Passenger & boot space
How it copes with people and clutter
The MX-5 RF is a small car, so if you fancy one but are over six-feet tall, make sure you try before you buy. The fact that you can easily touch the passenger door from the driver’s seat is a good indicator of this and means that shoulder room is tight if someone is sitting next to you. Leg room is also tight, and you’ll likely find your head brushing the roof lining, too. If you’re closer to average height, the interior still seems cosy, but you should have enough space.
Storage space is also compromised, with no door bins or glovebox. The only place to stow your paraphernalia is a shallow cubby under the central armrest or a slightly larger cubby between the two seats.
The MX-5 RF is a two-seater, so it really has no rear space at all. There isn’t even room for a bag hook, so you’ll struggle even to squeeze a jumper into the narrow gap between the rear wall and the seatbacks. The only concession to storage space is a couple of removable cup holders that slot in between the two backrests if you don’t want them jutting out of the central hump that the gearlever sprouts out of.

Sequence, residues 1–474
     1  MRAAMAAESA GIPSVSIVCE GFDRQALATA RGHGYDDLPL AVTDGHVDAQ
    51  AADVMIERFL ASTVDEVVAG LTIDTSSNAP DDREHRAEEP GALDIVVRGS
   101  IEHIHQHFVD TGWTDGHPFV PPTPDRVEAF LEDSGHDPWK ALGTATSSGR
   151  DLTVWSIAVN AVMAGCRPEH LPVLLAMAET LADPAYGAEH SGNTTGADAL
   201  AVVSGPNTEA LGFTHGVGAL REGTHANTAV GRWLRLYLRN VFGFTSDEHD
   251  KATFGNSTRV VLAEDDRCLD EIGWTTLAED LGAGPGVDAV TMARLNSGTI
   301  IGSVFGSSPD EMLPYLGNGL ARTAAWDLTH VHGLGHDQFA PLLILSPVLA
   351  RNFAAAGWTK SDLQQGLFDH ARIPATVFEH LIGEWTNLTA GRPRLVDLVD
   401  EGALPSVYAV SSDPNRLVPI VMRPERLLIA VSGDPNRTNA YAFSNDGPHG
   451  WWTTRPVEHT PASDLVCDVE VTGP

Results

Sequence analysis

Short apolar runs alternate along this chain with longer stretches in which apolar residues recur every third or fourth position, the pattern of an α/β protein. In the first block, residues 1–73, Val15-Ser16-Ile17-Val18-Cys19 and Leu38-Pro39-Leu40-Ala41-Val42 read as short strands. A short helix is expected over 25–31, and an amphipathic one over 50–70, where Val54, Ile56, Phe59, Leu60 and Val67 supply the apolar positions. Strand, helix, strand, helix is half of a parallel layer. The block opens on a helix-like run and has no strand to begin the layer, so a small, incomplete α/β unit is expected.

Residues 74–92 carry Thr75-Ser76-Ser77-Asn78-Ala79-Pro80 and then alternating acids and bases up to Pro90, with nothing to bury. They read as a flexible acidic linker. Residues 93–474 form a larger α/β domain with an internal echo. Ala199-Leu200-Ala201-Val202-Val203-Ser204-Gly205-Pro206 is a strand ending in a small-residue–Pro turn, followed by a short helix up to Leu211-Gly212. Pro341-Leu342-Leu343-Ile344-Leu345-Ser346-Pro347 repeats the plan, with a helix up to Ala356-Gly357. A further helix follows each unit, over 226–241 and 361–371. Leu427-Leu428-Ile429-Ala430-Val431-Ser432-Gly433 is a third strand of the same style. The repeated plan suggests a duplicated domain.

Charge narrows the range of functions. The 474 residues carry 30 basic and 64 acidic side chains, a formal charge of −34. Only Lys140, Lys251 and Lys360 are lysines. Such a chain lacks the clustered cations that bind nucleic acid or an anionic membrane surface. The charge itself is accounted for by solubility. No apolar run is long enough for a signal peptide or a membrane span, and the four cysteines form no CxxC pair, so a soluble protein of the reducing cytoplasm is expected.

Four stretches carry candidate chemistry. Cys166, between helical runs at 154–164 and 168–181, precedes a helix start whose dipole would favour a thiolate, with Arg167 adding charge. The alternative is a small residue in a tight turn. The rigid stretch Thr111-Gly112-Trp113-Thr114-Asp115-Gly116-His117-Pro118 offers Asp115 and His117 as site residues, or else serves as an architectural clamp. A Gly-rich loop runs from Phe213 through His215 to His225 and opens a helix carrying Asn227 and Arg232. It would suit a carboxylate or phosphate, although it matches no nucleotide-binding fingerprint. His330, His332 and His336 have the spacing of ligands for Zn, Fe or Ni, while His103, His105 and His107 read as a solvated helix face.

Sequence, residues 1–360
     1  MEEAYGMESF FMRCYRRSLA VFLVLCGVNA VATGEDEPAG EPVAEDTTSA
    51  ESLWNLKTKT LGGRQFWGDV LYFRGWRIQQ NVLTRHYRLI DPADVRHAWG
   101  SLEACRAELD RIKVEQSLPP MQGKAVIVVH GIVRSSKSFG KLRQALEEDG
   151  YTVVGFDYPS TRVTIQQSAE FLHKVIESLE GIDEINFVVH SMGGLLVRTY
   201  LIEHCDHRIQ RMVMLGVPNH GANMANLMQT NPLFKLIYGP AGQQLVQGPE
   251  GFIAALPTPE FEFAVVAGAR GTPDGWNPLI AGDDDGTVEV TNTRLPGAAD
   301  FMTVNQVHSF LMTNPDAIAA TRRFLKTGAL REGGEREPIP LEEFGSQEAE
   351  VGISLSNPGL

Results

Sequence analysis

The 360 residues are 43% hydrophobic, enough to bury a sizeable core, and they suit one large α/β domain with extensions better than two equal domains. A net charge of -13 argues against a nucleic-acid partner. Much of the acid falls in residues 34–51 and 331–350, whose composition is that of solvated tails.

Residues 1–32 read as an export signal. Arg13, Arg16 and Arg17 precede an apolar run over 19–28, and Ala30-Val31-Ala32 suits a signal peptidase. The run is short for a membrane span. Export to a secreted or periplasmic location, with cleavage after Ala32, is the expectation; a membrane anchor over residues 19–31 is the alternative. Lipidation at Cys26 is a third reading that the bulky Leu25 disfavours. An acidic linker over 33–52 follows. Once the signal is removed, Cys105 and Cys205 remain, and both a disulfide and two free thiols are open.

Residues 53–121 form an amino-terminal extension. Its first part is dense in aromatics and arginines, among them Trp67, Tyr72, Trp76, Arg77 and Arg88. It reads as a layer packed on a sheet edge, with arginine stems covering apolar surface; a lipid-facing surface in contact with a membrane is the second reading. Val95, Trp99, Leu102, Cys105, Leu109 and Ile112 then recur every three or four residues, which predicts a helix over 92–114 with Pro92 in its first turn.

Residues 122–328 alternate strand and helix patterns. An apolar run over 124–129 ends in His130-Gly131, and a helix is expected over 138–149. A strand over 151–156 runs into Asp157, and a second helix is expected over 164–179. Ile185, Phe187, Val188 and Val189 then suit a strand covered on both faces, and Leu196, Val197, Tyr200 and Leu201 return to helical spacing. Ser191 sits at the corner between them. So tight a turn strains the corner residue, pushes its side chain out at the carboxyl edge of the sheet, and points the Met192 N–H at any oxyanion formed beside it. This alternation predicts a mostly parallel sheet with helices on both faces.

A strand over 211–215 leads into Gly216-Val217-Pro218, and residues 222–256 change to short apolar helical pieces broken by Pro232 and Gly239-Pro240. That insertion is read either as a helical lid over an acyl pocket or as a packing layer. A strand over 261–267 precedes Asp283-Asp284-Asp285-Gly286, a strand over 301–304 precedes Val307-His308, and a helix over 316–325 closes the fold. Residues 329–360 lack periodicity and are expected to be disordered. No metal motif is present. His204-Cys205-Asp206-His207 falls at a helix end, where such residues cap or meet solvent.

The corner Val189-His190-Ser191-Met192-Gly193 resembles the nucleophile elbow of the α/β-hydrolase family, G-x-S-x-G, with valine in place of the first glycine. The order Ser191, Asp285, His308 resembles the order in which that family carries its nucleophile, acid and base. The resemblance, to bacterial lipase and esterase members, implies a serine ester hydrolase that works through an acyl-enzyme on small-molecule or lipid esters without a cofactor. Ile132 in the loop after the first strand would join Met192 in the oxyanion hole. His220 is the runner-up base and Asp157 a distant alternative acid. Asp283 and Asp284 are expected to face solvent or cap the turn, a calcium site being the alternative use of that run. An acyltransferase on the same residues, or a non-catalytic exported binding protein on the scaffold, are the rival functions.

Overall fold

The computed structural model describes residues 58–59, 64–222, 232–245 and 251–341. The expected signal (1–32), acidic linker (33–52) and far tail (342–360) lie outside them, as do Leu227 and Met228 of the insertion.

Seat folding and flexibility
The front passenger seat has lever-controlled backrest angle as well as the normal back and forth sliding movement. You don’t get height or lumbar adjustment on any trim or as an option. Electric seat adjustment isn’t available, either.
Like the regular MX-5, the RF’s boot space is the same whether the roof is up or down, the metal roof and its mechanism only steals one extra litre of space compared to the soft-top. It’s not vast, but considering the size of the car, the fact that it’ll take two travel-sized suitcases makes it useful for a weekend away.
You'll struggle with anything bigger; if you play golf or the trombone, these will have to sit on the passenger seat. There are a couple of other downsides, notably the boot's high load lip and fairly narrow opening that make loading chunky items a pain.
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